62% of Homeowners Say They’re Prepared for a Flood,
Yet Only 12% Have Flood Insurance, Survey Finds
As hurricane season begins, half of homeowners say they’re ‘less interested’ in buying flood insurance due to financial pressures from COVID-19.
Kalispell, Mont., June 1, 2020 – Sixty-two percent of homeowners say they’re prepared for a flood, but only 12 percent have flood insurance, according to a new survey conducted by the Harris Poll on behalf of National Flood Services, a leading flood insurance solution provider that processes 1.8 million flood policies and $1.4 billion of National Flood Insurance Program (NFIP) premiums a year.
The survey of 2,048 U.S. adults 18+, of which 1,413 were homeowners, was conducted from April 28-30, 2020 and released today, as the nation enters what researchers predict will be an especially severe hurricane season.
The findings underscore Americans’ lack of awareness of flood risks, despite the fact that flooding is the most common and costly natural disaster in the U.S. Further, the survey found 50 percent of homeowners say they’re “less interested” in buying flood insurance due to financial stresses from the ongoing COVID-19 pandemic.
“This survey shows many individuals think they’re protected from flood risks, but will actually be left exposed. As homeowners prepare for an above-average hurricane season in 2020, they aren’t getting the information they need to protect themselves,” said Ralph Blust, CEO at National Flood Services. “There’s a vast information gap — flood is three times more likely than fire to impact a home over the course of a 30-year mortgage, yet homeowners are over six times more likely to be protected from fire than flood.”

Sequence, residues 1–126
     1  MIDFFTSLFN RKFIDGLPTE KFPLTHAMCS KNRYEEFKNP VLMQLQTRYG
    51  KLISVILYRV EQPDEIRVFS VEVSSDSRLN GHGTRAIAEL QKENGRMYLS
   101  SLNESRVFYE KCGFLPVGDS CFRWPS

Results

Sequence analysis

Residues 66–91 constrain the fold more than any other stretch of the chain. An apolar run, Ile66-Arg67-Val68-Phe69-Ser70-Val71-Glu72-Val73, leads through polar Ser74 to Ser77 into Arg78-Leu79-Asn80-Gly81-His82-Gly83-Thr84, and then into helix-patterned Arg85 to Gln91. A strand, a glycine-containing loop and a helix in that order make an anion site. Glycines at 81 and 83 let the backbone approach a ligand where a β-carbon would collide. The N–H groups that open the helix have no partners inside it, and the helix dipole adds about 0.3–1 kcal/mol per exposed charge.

In addition, the survey found:
- 74 percent of U.S. adults claim they’re “not at risk for flooding” and therefore “don’t need flood insurance.” (In reality, 128 million Americans were at risk of flooding this spring alone.)
- 51 percent of U.S. adults “have no idea” what they or their household would do if they experienced a flood.
- 77 percent of Americans say they would not buy flood insurance online, with many saying they’d prefer to work with an agent.
- Only 6 percent of homeowners making under $50,000 have flood insurance.
- Only 6 percent of homeowners between the ages of 55 and 64 have flood insurance
Ahead of a hurricane season in which researchers predict 16 major storms and eight hurricanes, four of which are forecast to be major hurricanes (Category 3, 4 or 5), flood insurance can help homeowners prepare for the devastating financial impacts of flooding.
“These numbers represent a huge opportunity for insurers to look out for the well-being of their customers,” Blust said. “By first educating them on what they can do to mitigate their exposure to flood risks, then offering an intuitive, tech-enabled experience to protect their homes and families, insurers can help keep their customers safe while preparing them for when disaster strikes.”
About National Flood Services
For over 35 years, National Flood Services has worked with the country’s top insurance providers to help protect homeowners from the costly impact of flooding. In support of the Federal Emergency Management Agency (FEMA) and write-your-own insurance companies, National Flood Services manages over $1.4 billion of annual premiums and more than 1.8 million policies, furthering its mission of improving people’s lives by reducing the damaging impact of flooding.
National Flood Services is a portfolio company of PEAK6, a Chicago-based operating company that specializes in technology investments.
To learn more about National Flood Services, visit www.nationalfloodservices.com.
About the Survey
The survey was conducted online by The Harris Poll on behalf of National Flood Services from April 28-30, 2020. The research was conducted among 2,048 adults, of which 1,413 reported being homeowners. Data is weighted where necessary by age by gender, race/ethnicity, region, education, income, marital status, and propensity to be online to bring them in line with their actual proportions in the population.